New Influx of Whistleblower Filings the 'Tip of the Iceberg'

Lawyers say uptick in complaints due to impact of COVID-19, people working from home
By Jenn Gidman,  Newser Staff
Posted Jun 1, 2020 7:43 AM CDT
Updated Jun 6, 2020 3:00 PM CDT
'Emboldened' by Working From Home, Whistleblowers Emerge
The Securities and Exchange Commission building in Washington, seen Aug. 5, 2017.   (AP Andrew Harnik)

While the coronavirus continues to wreak havoc on the economy, it's brought business to one particular group: lawyers for whistleblowers, who've been coming forward in increasing numbers since the pandemic hit. Per an SEC spokesman, the agency received 4,000 or so whistleblower complaints from the middle of March through mid-May—a 35% rise from the same period in 2019, Reuters reports. "Unfortunately, fraudsters often seek to exploit difficult situations like the ongoing pandemic for their own gain," a commission spokeswoman notes. The agency has even created a new group dedicated to looking for such potential abuses in a variety of coronavirus-related areas, including price gouging, health care fraud, and knockoff medical supplies, as well as other rackets tied to COVID-19, such as insider trading or Ponzi schemes.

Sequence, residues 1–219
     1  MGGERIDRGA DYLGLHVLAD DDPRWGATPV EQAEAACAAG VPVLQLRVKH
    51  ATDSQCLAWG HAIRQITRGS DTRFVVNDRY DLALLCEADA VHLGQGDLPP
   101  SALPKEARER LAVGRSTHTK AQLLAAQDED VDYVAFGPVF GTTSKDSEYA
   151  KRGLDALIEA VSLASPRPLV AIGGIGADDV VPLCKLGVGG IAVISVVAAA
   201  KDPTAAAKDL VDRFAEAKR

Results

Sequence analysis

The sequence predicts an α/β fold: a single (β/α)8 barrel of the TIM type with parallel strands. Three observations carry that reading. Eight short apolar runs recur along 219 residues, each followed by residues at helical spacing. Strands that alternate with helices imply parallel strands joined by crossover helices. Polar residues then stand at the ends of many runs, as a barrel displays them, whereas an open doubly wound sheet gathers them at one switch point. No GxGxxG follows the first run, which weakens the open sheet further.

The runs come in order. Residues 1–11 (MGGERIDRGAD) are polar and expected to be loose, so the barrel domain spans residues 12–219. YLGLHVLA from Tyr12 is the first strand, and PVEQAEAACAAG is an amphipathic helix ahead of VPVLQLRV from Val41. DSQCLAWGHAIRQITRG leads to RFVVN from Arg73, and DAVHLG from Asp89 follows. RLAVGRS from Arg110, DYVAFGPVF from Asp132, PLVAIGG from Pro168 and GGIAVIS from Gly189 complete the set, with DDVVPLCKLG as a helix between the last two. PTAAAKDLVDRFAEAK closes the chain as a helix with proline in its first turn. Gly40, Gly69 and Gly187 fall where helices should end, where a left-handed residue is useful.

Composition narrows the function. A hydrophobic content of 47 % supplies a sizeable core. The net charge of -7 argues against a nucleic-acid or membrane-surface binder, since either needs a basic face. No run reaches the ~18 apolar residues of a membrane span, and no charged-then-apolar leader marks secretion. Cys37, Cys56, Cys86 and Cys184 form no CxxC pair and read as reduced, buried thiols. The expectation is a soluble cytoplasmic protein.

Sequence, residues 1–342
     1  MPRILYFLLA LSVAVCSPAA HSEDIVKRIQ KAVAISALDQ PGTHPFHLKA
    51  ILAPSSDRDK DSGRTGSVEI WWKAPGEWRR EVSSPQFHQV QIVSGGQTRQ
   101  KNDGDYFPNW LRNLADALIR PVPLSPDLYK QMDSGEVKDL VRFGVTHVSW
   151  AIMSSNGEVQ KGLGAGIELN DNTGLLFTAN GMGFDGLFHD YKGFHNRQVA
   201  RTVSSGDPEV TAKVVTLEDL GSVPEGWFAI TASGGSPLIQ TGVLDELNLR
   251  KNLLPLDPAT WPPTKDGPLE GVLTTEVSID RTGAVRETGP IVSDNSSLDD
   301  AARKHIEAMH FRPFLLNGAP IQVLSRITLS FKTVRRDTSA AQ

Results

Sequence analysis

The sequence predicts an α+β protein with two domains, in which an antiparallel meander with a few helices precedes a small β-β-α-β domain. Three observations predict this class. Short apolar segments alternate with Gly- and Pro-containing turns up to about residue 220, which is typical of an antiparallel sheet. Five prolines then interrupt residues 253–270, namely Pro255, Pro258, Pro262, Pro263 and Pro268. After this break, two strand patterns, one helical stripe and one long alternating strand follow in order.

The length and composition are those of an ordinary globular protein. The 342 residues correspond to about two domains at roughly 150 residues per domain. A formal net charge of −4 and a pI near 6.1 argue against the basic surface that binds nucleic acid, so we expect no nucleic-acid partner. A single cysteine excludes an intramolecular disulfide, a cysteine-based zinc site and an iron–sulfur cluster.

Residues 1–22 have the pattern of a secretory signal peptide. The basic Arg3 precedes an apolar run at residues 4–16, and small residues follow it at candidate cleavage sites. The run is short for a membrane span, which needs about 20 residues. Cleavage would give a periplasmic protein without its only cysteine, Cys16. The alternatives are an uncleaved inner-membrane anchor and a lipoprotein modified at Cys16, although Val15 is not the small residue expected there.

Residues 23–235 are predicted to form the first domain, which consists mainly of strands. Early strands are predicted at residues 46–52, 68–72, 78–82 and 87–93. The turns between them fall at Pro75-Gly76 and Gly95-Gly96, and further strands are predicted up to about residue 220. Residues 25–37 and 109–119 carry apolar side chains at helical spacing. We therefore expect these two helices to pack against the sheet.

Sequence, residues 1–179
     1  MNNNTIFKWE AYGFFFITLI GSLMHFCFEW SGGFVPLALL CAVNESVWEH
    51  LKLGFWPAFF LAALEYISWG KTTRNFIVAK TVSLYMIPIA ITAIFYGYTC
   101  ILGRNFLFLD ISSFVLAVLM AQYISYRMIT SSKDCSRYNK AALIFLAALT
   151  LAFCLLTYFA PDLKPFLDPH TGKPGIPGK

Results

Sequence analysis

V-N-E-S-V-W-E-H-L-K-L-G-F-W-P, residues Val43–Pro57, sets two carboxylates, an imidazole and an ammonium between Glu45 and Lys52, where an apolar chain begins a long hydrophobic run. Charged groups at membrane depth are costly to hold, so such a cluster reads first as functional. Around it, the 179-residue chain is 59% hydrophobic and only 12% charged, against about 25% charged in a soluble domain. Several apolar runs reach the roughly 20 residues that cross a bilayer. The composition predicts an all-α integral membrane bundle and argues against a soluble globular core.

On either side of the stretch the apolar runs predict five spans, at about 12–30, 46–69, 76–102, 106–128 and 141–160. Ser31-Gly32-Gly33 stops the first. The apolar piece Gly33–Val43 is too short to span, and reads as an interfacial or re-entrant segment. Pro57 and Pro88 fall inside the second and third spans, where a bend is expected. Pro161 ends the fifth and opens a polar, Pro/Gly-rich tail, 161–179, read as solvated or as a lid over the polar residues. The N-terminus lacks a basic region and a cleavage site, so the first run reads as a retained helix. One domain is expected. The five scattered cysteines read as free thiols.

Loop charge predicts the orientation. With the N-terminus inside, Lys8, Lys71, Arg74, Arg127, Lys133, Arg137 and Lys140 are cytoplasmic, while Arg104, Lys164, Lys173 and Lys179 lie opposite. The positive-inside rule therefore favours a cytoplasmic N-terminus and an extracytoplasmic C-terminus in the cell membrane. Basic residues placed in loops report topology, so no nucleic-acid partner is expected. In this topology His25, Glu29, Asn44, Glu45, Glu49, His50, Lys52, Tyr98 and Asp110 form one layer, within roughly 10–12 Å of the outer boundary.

What appears to be driving the surge in tips coming in, according to whistleblower lawyers: an uptick in malfeasance overall due to the widespread impact of COVID-19, as well as the fact that many whistleblowers may feel safer coming forward now that they're working from home, as it may lower the risk of being exposed or retaliated against. "These people have more time on their hands," an attorney from a Chicago law firm tells the Wall Street Journal. "They don't have to go see their bosses, and they may feel a bit more emboldened to report." A Law360 analysis says what we're seeing now is "just the tip of the iceberg," especially concerning claims filed with the Occupational Safety and Health Administration over workplace health and safety violations, such as workers claiming they were fired for complaining about such things as lack of personal protective equipment. (Read more whistleblower stories.)

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